In order for air rights as separate assets to have measurable market value, there must, of course, be demonstrable demand. Since all sites in highly urbanized areas (including New York City) are not developed to maximum permitted density, there are obviously unused air rights. However, without apparent market demand for the transfer of such rights, their market value is likely manifest solely in the value of the underlying property. Similarly, the right to construct a 100-story building is of little importance if demand exists only for a 40-story structure. As with all aspects of real estate, market demand drives market value.

    The most straightforward-method of valuing air rights is by direct comparison, using sales of similar air rights. The most appropriate unit of comparison is likely to be sale price per planned developmental density (expressed in square feet) rather than sale price per permitted density, for reasons previously cited. While direct comparison is preferable, sales of air rights occur infrequently. This in itself raises obvious questions regarding market demand for such rights. It is, thus, incumbent upon the valuation professional to analyze both the existence and depth of demand.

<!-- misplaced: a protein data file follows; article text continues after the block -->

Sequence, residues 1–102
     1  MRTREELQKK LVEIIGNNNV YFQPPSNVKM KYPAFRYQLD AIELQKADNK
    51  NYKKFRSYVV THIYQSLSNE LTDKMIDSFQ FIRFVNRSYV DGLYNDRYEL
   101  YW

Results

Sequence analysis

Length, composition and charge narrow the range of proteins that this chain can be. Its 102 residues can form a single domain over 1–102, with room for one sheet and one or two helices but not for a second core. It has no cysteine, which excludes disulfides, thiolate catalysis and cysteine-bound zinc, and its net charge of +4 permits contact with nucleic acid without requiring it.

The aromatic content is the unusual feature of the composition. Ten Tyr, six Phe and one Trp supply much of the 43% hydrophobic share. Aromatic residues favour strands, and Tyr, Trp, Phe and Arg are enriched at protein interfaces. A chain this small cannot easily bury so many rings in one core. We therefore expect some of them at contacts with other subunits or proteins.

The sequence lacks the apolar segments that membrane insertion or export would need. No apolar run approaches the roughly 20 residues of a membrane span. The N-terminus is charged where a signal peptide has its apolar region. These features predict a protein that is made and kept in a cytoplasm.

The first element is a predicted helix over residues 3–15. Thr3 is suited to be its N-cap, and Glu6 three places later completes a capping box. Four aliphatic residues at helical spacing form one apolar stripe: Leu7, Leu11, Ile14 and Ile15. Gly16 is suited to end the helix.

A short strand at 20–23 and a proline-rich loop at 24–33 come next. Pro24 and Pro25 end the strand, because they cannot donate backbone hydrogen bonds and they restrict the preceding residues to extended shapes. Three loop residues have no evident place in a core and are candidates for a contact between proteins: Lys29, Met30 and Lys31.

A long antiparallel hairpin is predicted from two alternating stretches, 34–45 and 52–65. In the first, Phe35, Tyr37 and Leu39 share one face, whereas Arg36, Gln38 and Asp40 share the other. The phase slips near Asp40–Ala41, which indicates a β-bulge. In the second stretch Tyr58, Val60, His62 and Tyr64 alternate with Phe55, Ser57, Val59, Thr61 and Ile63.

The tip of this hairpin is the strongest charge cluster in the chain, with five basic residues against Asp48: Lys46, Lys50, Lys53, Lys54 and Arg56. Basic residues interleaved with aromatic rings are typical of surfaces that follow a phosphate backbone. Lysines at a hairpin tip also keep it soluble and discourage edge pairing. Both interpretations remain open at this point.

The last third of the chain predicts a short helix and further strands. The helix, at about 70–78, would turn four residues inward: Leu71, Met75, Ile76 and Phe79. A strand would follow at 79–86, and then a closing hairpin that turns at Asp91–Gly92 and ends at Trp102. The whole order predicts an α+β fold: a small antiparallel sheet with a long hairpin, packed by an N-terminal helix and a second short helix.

Assuming that adequate demand does exist, the appraiser may rely on residual analysis to form an opinion of the value of the air rights. This involves the use of income capitalization to estimate the value of the proposed development within the air rights. The total costs of construction (hard and soft) are then deducted. The residual is an indication of the value of the air rights. This technique, being highly sensitive, requires an extraordinary degree of accuracy, particularly in terms of costs, in order for the results to be accurate.

    Office Building Area Calculations